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Making sense (all five of them) of merchandising Ron Ruggless

Making sense (all five of them) of merchandising

How little details can make or break the customer experience

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Sometimes we get so blinded by the minutiae of restaurants — the latest quarter of same-store sales or the most recent unit growth statistics — that we lose sight of the big picture: The industry is a multi-sensory one.

Aaron Noveshen, who created the four-unit Starbird Chicken in the Bay Area and is the founder of San Francisco-based consultancy The Culinary Edge, recently gave a presentation on “The Five Senses of Merchandising” at the recent RestaurantSpaces retreat and reminded me the romance that still lingers in the business.

“Think about merchandising as a summation of the elements that communicate your expertise as a brand to your guests,” said Noveshen. “It’s about how you tell your story through all of the senses.”

In these days of delivery and takeout, it’s worth remembering what gets guests off their couches.

That, Noveshen said, is the “anticipation of an experience the second they walk into the door.”

He provided a little refresher on the five senses of smell, sound, sight, touch and taste and some examples of how they help operators today:

Smell: Samovar Tea and Chai in San Francisco has copper kettles that sit next to the order area and draw customers into the experience with hibiscus, mint or other scents. And he warned: Rethink things like roasting broccoli; put it at the last thing of day. “Think about what your guests want to and don’t want to smell,” he added.

Sound: “The energy of sound is so incredible in telling your story,” Noveshen said, noting that the grinding of shaved ice can tell the story of the product or live DJ music can hone the modern beer hall vibe, as at Wurstküche Restaurant in the arts district of Los Angeles. He also mentioned that Yard House, the division of Orlando, Fla.-based Darden Restaurants Inc., has put its well-curated in-store playlist on Spotify to broadcast the experience to a wider audience.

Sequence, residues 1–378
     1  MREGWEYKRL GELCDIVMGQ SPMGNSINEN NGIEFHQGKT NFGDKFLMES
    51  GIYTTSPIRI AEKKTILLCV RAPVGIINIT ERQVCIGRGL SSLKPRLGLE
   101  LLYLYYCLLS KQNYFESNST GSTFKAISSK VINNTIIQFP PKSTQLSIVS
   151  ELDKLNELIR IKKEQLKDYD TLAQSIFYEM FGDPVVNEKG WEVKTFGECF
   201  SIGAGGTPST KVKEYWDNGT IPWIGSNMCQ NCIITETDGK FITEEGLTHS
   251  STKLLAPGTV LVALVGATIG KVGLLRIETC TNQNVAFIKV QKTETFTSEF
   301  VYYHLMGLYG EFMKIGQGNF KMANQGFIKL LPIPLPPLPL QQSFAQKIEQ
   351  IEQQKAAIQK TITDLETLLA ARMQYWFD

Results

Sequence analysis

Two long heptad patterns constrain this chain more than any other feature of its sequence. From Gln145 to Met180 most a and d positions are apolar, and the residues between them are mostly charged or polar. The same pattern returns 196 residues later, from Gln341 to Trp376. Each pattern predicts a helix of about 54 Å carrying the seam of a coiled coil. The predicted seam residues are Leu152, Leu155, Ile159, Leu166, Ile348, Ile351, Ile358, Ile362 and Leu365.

Sight: “This seems to be the most obvious for merchandising,” Noveshen said, citing the Starbucks Corp. immersive Roastery offshoot. “This is how Starbucks can communicate its expertise. … It’s the Willy Wonka of coffee experiences.” He said any operation can engage guests in active merchandising, even down to small elements like fresh lemons on the bar to be used in drinks.

Touch: Pret a Manger understands is “the guest’s journey and the way they want to control and touch and bring the meal together for themselves,” Noveshen said, adding that the brand is doing an all-vegetarian version in London.

Taste: Samples are powerful, Noveshen said. South San Francisco, Calif.-based See’s Candy Shops Inc., founded in 1921, still gives a free sample to every single person who walks in the door. And modern supper clubs are bringing cannabis sampling into the mix.

Overall, he said, “Don’t let the experience be left to chance. Invest in some drama. Put yourself in the shoes of the guest.”

And in the end, Noveshen said: “Finally, don’t be afraid to have some fun.”

Contact Ron Ruggless at [email protected]

Follow him on Twitter: @RonRuggless

TAGS: Operations
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